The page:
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Gale–Nikaido–Debreu and Milgrom–Shannon: Communal interactions with endogenous community structures

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  • Musatov, Daniil
  • Savvateev, Alexei
  • Weber, Shlomo

Abstract

This paper examines Nash jurisdictional stability in a model with a continuum of agents whose characteristics are distributed over a unidimensional interval. Communal benefits and costs of each individual depend on her identity and the composition of the community which she belongs to. Since the framework is too general to yield an existence of Nash equilibrium, we introduce the essentiality of membership in one of the communities for all individuals. We highlight the Border Indifference Property (BIP), when all individuals located on a border between two adjacent jurisdictions are indifferent about joining either of them and show that BIP is a necessary condition for yielding a Nash equilibrium. We invoke the celebrated Gale–Nikaido–Debreu Lemma to guarantee the existence of a partition that satisfies BIP. We then proceed to demonstrate that BIP is not sufficient to yield a Nash equilibrium. The equilibrium existence under BIP is rescued when we use the Milgrom–Shannon monotone comparative statics conditions.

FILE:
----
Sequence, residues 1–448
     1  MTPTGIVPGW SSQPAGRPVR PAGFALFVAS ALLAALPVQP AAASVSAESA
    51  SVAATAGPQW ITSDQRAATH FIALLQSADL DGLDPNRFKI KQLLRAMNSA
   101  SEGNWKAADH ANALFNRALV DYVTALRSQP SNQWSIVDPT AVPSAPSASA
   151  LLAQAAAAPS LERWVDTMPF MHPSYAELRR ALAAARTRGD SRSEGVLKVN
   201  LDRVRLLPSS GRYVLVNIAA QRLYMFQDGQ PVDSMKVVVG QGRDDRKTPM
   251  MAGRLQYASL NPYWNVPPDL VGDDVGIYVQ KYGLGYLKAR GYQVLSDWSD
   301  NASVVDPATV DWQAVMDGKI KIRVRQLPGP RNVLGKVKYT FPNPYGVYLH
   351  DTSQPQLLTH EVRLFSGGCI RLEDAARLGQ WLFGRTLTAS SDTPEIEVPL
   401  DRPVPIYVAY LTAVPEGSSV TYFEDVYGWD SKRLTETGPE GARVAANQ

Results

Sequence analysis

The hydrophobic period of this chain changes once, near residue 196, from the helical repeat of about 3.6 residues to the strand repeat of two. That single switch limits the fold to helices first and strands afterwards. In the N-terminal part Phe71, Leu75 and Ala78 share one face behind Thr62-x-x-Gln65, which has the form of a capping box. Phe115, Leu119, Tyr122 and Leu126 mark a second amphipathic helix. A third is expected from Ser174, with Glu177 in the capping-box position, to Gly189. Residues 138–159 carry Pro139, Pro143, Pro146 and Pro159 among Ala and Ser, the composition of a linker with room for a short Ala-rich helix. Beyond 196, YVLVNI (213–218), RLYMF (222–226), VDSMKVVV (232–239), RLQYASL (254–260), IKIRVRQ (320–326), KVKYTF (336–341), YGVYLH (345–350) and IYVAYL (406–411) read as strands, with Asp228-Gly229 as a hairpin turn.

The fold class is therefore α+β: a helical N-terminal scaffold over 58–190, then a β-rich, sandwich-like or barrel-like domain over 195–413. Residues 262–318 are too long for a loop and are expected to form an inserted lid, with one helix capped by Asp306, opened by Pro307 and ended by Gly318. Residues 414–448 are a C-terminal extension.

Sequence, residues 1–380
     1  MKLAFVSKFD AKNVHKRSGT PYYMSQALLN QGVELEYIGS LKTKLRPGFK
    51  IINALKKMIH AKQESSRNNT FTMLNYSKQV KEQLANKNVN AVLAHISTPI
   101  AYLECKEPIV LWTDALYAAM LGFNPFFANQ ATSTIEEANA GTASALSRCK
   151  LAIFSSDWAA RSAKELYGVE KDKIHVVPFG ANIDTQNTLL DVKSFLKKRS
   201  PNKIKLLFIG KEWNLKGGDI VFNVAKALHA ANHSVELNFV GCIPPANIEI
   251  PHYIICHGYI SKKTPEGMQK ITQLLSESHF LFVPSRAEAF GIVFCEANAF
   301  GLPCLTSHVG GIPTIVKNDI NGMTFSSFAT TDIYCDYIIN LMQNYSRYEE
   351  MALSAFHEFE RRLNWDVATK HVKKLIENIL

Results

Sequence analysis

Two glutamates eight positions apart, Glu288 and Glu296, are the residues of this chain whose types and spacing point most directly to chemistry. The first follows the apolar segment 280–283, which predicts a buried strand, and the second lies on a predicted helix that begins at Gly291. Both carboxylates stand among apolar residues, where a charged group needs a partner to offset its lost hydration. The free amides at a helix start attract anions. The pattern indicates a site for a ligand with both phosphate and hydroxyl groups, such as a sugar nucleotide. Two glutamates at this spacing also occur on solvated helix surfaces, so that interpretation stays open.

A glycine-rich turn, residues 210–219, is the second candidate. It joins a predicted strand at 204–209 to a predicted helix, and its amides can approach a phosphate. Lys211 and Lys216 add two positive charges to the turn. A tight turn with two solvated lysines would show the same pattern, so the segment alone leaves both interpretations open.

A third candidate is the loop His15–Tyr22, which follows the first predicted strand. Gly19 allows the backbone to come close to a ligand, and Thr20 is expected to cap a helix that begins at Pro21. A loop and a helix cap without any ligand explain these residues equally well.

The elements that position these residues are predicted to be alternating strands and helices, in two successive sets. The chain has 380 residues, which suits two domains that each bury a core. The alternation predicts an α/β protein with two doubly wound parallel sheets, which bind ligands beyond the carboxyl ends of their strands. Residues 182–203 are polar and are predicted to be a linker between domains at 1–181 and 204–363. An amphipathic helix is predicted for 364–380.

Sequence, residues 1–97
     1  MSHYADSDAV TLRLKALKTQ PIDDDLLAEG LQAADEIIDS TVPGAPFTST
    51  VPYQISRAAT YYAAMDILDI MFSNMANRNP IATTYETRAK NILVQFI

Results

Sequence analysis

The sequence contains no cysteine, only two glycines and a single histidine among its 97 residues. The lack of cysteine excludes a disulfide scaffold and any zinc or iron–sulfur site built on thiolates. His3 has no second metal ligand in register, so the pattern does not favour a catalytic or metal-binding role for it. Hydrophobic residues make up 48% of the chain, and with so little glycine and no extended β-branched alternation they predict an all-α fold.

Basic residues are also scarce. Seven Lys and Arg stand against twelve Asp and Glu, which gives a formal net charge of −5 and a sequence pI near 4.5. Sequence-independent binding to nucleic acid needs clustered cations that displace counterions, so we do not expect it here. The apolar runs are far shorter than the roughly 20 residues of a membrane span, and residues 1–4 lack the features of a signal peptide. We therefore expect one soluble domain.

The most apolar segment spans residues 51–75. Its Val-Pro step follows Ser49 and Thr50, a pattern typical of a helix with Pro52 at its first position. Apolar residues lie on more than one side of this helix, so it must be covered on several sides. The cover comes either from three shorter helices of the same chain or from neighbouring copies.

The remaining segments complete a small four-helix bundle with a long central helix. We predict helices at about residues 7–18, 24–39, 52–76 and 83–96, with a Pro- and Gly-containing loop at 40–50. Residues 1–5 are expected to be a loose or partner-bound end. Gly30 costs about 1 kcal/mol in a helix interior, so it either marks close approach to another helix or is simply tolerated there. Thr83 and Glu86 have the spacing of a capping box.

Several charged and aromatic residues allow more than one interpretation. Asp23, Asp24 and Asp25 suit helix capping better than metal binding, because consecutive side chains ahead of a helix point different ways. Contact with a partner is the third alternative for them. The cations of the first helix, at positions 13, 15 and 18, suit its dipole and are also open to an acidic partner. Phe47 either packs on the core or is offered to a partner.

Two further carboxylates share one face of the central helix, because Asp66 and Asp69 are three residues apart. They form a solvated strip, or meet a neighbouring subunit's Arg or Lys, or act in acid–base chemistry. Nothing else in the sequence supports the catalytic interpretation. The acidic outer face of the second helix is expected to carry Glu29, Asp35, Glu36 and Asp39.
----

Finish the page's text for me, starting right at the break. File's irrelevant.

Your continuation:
Suggested Citation

  • Musatov, Daniil & Savvateev, Alexei & Weber, Shlomo, 2016. "Gale–Nikaido–Debreu and Milgrom–Shannon: Communal interactions with endogenous community structures," Journal of Economic Theory, Elsevier, vol. 166(C), pages 282-303.
  • Handle: RePEc:eee:jetheo:v:166:y:2016:i:c:p:282-303
    DOI: 10.1016/j.jet.2016.09.001
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    References listed on IDEAS

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    1. repec:nea:journl:y:2017:i:33:p:28-42 is not listed on IDEAS

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    Keywords

    Nash stability; Continuity; Increasing differences; Monotonicity; Group formation; Market interactions;

    JEL classification:

    • D70 - Microeconomics - - Analysis of Collective Decision-Making - - - General
    • H20 - Public Economics - - Taxation, Subsidies, and Revenue - - - General
    • H73 - Public Economics - - State and Local Government; Intergovernmental Relations - - - Interjurisdictional Differentials and Their Effects

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